In honor of the Supreme Court's recent decision I thought it might be a good time to promote the film, The Corporation.
Provoking, witty, stylish and sweepingly informative, THE CORPORATION explores the nature and spectacular rise of the dominant institution of our time. Part film and part movement, The Corporation is transforming audiences and dazzling critics with its insightful and compelling analysis. Taking its status as a legal "person" to the logical conclusion, the film puts the corporation on the psychiatrist's couch to ask "What kind of person is it?"Answer: A sociopath.
Gene TeSelle at Witherspoon comments on the decision:
We had suspected it for a long time, but now, thanks to a swing vote by Supreme Court Justice Anthony Kennedy, the United States is officially a plutocracy. On the dubious and probably perverse principles that corporations are legal persons and that political contributions are "speech" protected by the First Amendment, restrictions on corporate contributions to issue organizations (though not to specific political campaigns) have basically been thrown out.Gene compares our turn to that of the Roman Empire:
The Republic came to be ruled by a triumvirate of wealthy men, then by Caesar Augustus as emperor (which simply meant commander-in-chief). The Republic and the Senate technically continued to exist (the emperor was simply "princeps," "first citizen"). But the power relationships were drastically changed. And the rich got richer, holding vast estates in multiple regions and expecting to receive official positions in the provinces or at the imperial court.I don't know if we are going to be able to change the direction our nation is taking or if our future is going to look like a Margaret Atwood dystopia, but at the very least we should name it when we can.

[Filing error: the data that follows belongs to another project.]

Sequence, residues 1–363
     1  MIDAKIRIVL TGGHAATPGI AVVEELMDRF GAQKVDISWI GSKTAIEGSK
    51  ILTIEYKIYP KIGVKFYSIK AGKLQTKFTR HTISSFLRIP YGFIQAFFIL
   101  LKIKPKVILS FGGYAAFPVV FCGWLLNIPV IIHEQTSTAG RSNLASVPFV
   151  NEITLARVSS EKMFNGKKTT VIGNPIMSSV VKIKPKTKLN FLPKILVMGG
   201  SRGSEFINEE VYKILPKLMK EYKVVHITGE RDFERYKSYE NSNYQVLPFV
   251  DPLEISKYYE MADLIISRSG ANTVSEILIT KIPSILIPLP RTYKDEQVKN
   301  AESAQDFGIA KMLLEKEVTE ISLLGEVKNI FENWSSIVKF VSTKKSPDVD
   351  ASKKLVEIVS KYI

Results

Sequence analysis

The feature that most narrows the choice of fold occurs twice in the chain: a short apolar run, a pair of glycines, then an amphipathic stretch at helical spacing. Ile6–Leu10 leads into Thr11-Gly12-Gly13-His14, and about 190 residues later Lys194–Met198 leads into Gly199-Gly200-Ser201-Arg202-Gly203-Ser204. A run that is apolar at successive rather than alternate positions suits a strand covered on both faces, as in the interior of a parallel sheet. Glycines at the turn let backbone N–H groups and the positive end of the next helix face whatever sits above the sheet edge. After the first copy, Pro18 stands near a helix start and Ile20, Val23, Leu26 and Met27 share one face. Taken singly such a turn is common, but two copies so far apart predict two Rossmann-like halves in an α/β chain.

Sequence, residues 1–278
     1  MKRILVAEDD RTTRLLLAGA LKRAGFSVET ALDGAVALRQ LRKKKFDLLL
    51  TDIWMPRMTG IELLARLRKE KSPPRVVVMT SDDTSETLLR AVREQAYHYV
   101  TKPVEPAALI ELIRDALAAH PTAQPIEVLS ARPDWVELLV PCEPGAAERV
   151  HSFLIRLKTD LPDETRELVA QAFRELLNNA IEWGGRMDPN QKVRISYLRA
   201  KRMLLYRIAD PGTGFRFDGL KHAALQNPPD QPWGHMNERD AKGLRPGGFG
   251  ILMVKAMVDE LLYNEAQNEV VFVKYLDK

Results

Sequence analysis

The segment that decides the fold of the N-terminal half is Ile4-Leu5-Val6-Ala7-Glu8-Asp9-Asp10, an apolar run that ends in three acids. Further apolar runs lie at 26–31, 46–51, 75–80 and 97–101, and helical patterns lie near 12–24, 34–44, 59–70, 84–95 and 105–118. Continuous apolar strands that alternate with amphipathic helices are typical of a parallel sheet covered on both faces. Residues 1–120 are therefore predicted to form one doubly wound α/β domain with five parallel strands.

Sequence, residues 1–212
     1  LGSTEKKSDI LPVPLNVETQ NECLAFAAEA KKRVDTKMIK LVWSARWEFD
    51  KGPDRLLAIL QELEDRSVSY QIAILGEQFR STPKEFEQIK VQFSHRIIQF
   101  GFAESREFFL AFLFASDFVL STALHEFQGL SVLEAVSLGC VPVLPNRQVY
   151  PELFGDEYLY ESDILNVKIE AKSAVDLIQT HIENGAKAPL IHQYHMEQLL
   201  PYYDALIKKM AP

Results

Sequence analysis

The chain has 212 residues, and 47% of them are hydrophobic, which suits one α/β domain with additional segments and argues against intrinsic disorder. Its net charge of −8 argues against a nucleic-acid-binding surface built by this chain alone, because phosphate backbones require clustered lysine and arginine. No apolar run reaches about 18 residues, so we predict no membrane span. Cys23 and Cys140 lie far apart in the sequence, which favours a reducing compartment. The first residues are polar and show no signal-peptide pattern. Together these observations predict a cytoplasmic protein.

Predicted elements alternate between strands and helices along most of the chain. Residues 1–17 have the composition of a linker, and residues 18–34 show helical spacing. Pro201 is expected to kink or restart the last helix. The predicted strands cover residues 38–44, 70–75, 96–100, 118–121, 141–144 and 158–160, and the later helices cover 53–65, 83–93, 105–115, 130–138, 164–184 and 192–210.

Might be a good time to re-read Naomi Klein's Shock Doctrine: The Rise of Disaster Capitalism. If you have six and half minutes watch this short film on the Shock Doctrine:
As Naomi Kline says in the above film:
The best way to stay oriented, to resist shock, is to know what is happening to you...and why.